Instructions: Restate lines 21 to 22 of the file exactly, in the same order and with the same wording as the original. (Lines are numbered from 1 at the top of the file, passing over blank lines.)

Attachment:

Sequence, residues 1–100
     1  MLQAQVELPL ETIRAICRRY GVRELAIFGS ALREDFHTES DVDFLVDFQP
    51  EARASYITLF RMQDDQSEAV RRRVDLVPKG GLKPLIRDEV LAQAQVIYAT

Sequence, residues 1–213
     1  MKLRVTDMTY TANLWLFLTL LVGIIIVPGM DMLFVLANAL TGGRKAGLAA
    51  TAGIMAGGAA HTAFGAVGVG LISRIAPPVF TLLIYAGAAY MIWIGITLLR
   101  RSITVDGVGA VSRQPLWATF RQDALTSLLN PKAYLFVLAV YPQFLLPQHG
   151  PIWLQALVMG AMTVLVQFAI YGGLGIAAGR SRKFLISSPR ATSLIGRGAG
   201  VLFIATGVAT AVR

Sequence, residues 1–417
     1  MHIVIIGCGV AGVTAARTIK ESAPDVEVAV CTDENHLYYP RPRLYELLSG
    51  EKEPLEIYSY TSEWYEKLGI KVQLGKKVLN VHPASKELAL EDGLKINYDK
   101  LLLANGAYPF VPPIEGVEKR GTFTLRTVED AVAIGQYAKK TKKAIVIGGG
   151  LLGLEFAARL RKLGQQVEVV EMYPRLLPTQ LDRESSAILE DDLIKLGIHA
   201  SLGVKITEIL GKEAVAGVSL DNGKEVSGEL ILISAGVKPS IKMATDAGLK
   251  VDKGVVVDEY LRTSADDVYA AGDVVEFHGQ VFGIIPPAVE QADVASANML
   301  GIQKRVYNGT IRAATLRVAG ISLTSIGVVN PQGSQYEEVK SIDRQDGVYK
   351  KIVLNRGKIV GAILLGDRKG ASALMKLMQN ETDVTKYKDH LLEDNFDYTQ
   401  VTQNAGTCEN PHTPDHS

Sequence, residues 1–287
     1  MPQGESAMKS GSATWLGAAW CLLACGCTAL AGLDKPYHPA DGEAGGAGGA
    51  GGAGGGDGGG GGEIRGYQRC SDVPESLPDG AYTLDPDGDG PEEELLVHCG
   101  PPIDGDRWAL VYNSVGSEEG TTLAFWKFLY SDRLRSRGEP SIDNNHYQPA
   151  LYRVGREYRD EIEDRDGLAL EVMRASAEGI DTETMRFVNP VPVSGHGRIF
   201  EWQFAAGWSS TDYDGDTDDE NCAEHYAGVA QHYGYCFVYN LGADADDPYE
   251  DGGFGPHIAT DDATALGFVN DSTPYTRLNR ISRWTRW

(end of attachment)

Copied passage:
     1  MPQGESAMKS GSATWLGAAW CLLACGCTAL AGLDKPYHPA DGEAGGAGGA
    51  GGAGGGDGGG GGEIRGYQRC SDVPESLPDG AYTLDPDGDG PEEELLVHCG